EMSWORTH (KDKA) – More than a dozen barges filled with coal and concrete powder remain wrecked on the Ohio River near the Emsworth Locks and Dam.

Crews are working 12-hour shifts and have managed to remove two barges, as of noon Monday.

Last week’s flooding caused a large ice jam to break loose and crash into more than a dozen barges that were tied up near the banks of the Ohio River.

As a result, some barges shot straight through the dam, others crashed into the concrete barriers, some wound up on the banks of the river and seven barges sank.

On Monday, KDKA News talked with Mark Ivanisin with the U.S. Army Corps of Engineers about why this poses a safety risk for other boaters and those who work at the dam.

“Basically, if we have sunken barges in the navigation channel and another towboat comes by and hits it. Then, we risk another loss of another barge or another tow sinking in the river,” Ivanisin said.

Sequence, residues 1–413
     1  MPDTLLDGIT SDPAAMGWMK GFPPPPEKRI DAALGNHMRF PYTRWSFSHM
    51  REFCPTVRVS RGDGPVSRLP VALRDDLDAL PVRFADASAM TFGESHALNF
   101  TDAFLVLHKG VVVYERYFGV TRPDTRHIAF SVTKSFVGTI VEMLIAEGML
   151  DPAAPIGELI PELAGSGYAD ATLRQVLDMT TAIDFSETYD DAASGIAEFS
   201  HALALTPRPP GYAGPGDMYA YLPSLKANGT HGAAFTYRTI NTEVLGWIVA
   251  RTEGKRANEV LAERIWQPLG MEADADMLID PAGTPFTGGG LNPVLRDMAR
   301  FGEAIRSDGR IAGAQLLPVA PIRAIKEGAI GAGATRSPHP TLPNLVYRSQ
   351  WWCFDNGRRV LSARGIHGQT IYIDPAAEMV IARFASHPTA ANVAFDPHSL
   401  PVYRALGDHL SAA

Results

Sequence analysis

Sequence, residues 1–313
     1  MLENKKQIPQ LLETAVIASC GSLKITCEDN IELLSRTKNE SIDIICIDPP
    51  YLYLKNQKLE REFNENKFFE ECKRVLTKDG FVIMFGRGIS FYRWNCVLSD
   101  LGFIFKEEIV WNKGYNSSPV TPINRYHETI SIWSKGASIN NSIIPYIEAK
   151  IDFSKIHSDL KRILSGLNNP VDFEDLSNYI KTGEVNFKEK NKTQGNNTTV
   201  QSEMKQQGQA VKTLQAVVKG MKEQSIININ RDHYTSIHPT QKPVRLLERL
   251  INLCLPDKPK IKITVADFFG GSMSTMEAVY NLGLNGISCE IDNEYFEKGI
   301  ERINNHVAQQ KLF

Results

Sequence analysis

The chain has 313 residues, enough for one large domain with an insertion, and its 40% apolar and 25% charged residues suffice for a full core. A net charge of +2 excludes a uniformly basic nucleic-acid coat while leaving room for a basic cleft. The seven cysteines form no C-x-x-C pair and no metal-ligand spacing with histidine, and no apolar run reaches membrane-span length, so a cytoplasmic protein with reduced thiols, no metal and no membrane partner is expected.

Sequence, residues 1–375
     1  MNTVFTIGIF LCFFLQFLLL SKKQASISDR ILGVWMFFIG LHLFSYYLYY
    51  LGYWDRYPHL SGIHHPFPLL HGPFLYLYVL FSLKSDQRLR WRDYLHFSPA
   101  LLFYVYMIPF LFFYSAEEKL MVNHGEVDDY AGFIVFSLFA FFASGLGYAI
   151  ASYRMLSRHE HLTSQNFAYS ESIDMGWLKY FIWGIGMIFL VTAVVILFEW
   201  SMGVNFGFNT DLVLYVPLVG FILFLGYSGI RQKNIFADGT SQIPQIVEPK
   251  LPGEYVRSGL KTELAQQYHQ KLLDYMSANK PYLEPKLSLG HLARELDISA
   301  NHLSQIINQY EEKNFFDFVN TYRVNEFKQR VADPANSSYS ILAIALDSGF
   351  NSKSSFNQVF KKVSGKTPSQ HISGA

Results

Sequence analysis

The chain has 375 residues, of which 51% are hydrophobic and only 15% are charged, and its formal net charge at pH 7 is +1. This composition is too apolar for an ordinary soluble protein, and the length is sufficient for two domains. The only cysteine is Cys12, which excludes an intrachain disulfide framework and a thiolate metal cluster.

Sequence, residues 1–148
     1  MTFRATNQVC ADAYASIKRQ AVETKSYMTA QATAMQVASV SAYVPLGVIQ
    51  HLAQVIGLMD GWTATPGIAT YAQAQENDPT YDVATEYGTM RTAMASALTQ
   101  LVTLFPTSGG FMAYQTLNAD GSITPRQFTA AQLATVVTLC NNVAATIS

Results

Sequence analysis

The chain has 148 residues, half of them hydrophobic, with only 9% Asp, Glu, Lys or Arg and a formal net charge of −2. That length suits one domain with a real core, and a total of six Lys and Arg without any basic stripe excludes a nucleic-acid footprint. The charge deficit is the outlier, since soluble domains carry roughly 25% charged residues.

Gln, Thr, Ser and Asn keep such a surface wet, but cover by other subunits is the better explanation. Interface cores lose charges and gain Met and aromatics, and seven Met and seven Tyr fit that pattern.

Ivanisin said the barges still floating just need to be pulled out the way with the help of a tugboat, but many barges took on a lot of water.

“For those that are sunk, you have to try to relieve some of the stuff that’s in there some of the commodity that’s in there and get it out,” Ivanisin said. “And you have the pump the water out so it starts to float again and then you can pull it away.”

There’s no timetable for exactly how long the salvage crews will need to complete the job, but crews will continue to work 12-hour shifts.

Once all the barges are removed, the U.S. Coast Guard will give notice to reopen the Ohio River.

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